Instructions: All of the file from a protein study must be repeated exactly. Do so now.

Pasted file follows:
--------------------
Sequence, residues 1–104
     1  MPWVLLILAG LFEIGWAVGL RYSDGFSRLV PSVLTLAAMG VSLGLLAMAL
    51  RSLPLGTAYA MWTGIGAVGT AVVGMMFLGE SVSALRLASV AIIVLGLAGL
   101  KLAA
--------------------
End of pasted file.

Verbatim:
Sequence, residues 1–104
     1  MPWVLLILAG LFEIGWAVGL RYSDGFSRLV PSVLTLAAMG VSLGLLAMAL
    51  RSLPLGTAYA MWTGIGAVGT AVVGMMFLGE SVSALRLASV AIIVLGLAGL
   101  KLAA